Tornike Eristavi (a Georgian title, meaning literally “head of the army.” An eristavi was the ruler or governor of his province and a pillar of the Georgian monarchy. During certain periods of Georgian history the title was hereditary. The title is equivalent to a European duke.) (later John of Mt. Athos) was a Georgian army commander famed for his victories in war and a favorite of King David Kuropalates. Eventually he abandoned his worldly glory and set off in search of his spiritual father, St. John, on Mt. Olympus. There he learned that St. John had moved to Mt. Athos, so he journeyed there and settled with him in a monastery headed by St. Athanasius the Athonite. He was tonsured a monk and given the new name John.
Soon many Georgians became thirsty for the ascetic life and arrived to labor on the Holy Mountain. To serve the young community, St. John built a church in honor of St. John the Theologian and constructed cells nearby. In such a way, the first Georgian community on Mt. Athos was established. At that time, Bardas Sclerus, commander of the army of Asia Minor, led a revolt against Basil and Constantine, the young Byzantine emperors. The dowager empress Theophania, hoping to receive assistance from Georgia, requested that John-Tornike travel to his homeland, inform the king about the difficult situation in Byzantium, and rally the Georgian armies for support. At first John-Tornike refused, doubting his preparedness to return to life in the world. But after the other brothers pleaded with him and he received St. Athanasius’ blessing, he returned to Georgia and delivered Theophania’s letter to King David Kuropalates. The king was overjoyed at the sight of his favorite military leader, and he consented to the empress’ request, provided John-Tornike would command the army. The king was resolute and John-Tornike was compelled to honor his will. With God’s help and under the wise leadership of John-Tornike, twelve thousand Georgian soldiers defeated the army of the godless Bardas Sclerus, banishing the conspirator from Byzantium (ca. 979).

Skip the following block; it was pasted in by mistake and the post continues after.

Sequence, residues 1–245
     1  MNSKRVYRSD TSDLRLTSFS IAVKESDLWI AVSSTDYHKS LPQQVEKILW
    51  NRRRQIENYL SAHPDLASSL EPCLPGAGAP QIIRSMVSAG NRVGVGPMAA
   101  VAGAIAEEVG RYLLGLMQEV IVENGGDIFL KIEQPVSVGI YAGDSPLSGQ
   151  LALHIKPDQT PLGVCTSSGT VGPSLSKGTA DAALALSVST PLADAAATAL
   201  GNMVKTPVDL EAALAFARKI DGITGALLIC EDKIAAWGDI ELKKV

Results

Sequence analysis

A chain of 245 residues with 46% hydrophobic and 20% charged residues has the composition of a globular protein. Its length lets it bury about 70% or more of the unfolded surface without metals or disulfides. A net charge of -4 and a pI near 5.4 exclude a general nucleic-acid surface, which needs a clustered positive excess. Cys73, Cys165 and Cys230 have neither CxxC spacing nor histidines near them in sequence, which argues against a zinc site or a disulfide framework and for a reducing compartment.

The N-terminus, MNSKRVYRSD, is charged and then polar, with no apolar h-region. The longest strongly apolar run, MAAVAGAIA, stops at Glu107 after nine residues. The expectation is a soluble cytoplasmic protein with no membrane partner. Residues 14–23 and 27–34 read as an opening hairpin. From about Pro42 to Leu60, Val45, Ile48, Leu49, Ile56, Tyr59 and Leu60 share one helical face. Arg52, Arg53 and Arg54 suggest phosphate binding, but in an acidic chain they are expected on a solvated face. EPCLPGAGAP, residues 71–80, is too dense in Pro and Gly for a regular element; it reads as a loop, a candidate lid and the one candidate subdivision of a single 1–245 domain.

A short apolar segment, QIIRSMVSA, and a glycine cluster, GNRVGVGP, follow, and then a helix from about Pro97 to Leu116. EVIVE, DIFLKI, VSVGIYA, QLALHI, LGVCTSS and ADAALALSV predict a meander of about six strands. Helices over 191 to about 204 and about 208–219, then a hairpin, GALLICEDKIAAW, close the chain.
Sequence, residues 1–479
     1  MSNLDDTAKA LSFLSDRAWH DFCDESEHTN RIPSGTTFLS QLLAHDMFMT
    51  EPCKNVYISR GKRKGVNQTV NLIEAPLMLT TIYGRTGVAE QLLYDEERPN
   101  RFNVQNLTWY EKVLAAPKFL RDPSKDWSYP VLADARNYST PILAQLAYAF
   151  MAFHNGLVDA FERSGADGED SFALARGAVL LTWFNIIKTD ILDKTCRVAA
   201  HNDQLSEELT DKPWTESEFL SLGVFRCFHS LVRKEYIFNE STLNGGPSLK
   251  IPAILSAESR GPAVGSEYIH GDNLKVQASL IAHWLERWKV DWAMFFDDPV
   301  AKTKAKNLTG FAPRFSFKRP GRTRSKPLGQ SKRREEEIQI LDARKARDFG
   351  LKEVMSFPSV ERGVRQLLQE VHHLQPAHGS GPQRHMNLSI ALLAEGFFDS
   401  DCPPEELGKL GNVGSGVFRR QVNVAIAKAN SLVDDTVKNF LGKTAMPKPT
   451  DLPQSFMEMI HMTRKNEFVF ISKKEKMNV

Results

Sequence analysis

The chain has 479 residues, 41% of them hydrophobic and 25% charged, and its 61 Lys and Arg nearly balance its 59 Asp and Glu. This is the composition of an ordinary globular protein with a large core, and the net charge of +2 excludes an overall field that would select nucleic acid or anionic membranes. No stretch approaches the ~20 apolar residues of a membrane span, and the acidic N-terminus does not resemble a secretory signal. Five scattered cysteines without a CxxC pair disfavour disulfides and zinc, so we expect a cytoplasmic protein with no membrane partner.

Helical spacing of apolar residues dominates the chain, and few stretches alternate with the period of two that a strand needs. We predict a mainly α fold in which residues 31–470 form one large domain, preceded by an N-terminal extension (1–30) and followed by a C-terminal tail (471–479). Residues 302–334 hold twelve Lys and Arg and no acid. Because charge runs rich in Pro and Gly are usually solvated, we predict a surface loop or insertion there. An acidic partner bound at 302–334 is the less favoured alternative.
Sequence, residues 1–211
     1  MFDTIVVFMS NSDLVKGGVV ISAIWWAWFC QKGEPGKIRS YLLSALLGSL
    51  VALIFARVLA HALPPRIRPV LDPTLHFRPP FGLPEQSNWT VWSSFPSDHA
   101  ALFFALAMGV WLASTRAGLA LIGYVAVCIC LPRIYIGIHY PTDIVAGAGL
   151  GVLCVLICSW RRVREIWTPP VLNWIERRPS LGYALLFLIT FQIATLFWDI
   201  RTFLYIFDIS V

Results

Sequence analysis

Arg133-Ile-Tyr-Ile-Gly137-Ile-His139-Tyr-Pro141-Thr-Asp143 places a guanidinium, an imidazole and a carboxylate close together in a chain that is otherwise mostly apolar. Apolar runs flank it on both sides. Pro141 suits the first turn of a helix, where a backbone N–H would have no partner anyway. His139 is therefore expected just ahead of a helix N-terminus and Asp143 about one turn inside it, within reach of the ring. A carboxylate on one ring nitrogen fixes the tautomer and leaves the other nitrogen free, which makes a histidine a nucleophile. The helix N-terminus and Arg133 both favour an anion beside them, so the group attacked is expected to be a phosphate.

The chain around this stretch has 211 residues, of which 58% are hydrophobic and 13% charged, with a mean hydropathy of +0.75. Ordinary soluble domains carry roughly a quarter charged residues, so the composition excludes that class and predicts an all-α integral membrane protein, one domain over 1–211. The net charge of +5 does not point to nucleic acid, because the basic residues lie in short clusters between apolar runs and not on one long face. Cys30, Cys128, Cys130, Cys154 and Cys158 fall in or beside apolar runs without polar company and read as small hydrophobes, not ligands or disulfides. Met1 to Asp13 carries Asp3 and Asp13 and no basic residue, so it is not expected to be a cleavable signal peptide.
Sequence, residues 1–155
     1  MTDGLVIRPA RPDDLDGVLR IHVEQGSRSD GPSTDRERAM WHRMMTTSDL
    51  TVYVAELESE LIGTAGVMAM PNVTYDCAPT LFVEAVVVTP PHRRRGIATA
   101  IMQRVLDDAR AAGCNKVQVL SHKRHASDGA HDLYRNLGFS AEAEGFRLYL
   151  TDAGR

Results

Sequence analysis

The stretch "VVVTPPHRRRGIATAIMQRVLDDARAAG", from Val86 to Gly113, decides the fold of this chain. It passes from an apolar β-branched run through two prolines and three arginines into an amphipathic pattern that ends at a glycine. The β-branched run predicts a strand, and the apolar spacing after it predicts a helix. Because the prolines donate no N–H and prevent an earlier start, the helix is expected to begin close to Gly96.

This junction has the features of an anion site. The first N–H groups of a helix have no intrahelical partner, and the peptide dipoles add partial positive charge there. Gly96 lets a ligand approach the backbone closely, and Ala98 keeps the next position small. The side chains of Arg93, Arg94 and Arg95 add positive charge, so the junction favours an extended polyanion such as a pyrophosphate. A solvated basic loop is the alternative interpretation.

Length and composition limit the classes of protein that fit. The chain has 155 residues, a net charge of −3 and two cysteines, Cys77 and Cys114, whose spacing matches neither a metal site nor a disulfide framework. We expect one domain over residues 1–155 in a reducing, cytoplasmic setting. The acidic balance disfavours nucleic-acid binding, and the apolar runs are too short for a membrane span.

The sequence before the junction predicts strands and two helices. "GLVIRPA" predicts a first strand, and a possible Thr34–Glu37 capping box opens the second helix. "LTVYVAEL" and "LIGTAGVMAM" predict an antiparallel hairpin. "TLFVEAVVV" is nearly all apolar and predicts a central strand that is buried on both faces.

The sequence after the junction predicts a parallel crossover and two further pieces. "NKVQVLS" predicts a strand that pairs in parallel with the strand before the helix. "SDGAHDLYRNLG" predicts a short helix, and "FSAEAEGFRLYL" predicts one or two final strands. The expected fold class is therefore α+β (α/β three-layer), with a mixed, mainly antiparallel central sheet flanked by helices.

After this great victory John-Tornike returned immediately to Mt. Athos. The brothers met him with great joy and gave thanks to God for returning him safely to the monastery. St. John-Tornike was a perfect example of humility. He renounced his own will completely and would do nothing without a blessing from his spiritual father. “I entrust myself and my will to you. Save me according to your will!” he would tell St. John. The brothers of the monastery often asked John-Tornike to recount his military glories, and he was obliged to recall his past. Once St. John requested that he share his memories with a certain Elder Gabriel, a man who spoke not a single vain word. John-Tornike agreed, and after he had narrated his glorious past to the elder, he ceased speaking entirely. He spent the rest of his life in silence, hoping in God, and reposed peacefully.